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No. 27: May-Jun 1983

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Does ri = mermaid?

The astounding item that follows is taken from the new journal Cryptozoology, which is the official journal of the International Society of Cryptozoology. The Society was founded by a group of scientists interested in unrecognized species of animals.

"An aquatic creature roughly resembling the traditional 'mermaid,' and sometimes identified with it, is reportedly known through a variety of encounters with natives of Central New Ireland. The ri, as they are called, are frequently sighted by fishermen, occasionally netted or found dead on beaches, and sometimes eaten. Males, females and juveniles are reported, subsisting on fish in the shallow seas around the Bismarck and Solomon archipelagos. It is unlikely that the animals are dugongs or porpoises, both of which are known to, and readily identified by, the natives."

New Ireland is northeast of Papua-New Guinea. The article proper goes on to describe the ri as an air-breathing mammal with human-like head, arms, genitalia, and upper trunk. The lower trunk is legless and terminates in a pair of lateral fins.

(Wagner, Roy; "The Ri -- Unidentified Aquatic Animals of New Ireland," Cryptozoology, 1:33, 1982.)

Reference. Unrecognized mammals are cataloged in Chapter BMU in Biological Anomalies: Mammals II. Ordering information can be found here.

From Science Frontiers #27, MAY-JUN 1983. 1983-2000 William R. Corliss

Science Frontiers Sourcebook Project Reviewed in:


  • "A sourcebook of unexplained phenomena is therefore a valuable addition to a collection of scientific literature. William R. Corliss has provided this in the past with his source books of scientific anomalies in several subjects, and now he has provided it for astronomy. He has done an excellent job of collecting and editing a large amount of material, taken in part from scientific journals and in part from scientific reporting in the popular or semi-scientific press." -- "The Mysterious Universe: A Handbook of Astronomical Anomalies", reviwed by Thomas Gold, Cornell University, in Icarus, vol.41, 1980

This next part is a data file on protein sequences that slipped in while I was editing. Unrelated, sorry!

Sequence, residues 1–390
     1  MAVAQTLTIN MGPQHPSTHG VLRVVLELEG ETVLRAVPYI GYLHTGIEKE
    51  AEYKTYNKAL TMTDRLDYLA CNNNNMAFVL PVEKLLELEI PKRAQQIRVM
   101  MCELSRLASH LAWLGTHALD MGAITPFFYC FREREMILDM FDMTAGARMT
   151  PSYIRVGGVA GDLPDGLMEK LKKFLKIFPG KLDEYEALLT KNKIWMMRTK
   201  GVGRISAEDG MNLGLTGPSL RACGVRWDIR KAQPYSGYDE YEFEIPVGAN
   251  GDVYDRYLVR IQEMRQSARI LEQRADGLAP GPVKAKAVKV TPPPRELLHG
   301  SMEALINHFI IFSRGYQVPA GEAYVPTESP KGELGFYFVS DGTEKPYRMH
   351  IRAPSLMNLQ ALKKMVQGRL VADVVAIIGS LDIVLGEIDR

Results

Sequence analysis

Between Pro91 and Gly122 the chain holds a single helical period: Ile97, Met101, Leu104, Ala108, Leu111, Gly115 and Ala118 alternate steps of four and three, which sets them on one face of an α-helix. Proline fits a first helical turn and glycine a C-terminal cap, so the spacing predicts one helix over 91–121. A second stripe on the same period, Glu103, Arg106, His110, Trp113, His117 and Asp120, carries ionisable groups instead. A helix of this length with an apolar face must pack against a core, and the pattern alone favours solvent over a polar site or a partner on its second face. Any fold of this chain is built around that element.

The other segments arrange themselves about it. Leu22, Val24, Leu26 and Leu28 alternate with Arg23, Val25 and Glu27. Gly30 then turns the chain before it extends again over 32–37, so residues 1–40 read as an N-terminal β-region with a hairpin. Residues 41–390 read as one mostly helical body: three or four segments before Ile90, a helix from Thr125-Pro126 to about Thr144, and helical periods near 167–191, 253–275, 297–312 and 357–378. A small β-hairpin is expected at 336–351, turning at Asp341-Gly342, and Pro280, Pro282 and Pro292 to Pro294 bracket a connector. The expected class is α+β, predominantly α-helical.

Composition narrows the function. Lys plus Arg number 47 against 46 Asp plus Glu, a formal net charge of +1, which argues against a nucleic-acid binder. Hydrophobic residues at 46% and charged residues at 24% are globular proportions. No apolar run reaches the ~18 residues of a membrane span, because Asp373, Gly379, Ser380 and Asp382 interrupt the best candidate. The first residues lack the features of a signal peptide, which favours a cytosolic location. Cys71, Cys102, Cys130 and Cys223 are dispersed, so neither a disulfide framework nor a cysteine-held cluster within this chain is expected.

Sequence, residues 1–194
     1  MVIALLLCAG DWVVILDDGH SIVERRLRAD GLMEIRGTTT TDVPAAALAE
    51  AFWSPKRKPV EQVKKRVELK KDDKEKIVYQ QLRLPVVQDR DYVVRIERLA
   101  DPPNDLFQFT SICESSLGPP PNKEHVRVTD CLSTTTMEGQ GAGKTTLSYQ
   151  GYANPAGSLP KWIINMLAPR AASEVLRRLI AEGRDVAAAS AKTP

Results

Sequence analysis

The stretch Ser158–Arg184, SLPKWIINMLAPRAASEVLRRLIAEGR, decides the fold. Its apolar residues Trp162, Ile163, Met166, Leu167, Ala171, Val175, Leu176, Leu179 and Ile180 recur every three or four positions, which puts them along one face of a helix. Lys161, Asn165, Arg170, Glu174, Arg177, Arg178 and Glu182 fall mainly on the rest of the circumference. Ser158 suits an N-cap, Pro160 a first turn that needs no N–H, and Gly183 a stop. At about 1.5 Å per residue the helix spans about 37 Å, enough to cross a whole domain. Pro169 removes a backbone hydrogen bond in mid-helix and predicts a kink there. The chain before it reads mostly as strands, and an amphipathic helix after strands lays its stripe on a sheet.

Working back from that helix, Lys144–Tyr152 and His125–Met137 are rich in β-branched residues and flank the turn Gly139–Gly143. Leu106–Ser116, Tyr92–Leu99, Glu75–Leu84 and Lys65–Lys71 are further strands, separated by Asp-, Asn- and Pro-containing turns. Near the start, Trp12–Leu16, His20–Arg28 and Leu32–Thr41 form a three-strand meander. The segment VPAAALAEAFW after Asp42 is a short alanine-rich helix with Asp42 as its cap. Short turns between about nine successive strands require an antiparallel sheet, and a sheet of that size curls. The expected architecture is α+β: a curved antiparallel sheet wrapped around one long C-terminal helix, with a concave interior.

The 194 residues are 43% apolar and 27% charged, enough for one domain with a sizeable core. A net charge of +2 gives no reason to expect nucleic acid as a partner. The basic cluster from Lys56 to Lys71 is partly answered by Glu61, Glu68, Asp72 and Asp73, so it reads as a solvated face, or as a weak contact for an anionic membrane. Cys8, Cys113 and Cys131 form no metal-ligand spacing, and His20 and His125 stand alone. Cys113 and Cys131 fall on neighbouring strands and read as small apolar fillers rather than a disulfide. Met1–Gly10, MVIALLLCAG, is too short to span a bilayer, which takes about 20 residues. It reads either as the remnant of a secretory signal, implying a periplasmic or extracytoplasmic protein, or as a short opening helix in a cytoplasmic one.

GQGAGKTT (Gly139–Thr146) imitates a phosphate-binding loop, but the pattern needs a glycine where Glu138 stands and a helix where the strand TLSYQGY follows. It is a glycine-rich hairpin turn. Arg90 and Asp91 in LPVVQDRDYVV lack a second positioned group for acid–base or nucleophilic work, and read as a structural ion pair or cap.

• "An interesting, systematic presentation of unusual weather [..] This book is recommended for a general audience" --"Corliss, William R., Tornados, Dark Days, Anomalous Precipitation, and Related Weather Phenomena, Sourcebook Project, 1983.", revieweed in Choice, September 1983
  • "..the science is necessarily somewhat speculative, but Corliss's symthesis is based on reputable sources." -- "Corliss, William R. (Compiler). Lightning, Auroras, Nocturnal Lights, and Related Luminous Phenomena" reviwed by Joseph M. Moran, Univ. of Wisconsin in Science Books and Films, Sep/Oct 1983

  • "Before opening the book, I set certain standards that a volume which treads into dangerous grounds grounds like this must meet. The author scrupulously met, or even exceeded those standards. Each phenomenon is exhaustively documented, with references to scientific journals [..] and extensive quotations" -- "Book Review: The moon and planets: a catalog of astronomical anomalies", The Sourcebook Project, 1985., Corliss, W. R., Journal of the Royal Astronomical Society of Canada, Vol. 81, no. 1 (1987), p. 24., 02/1987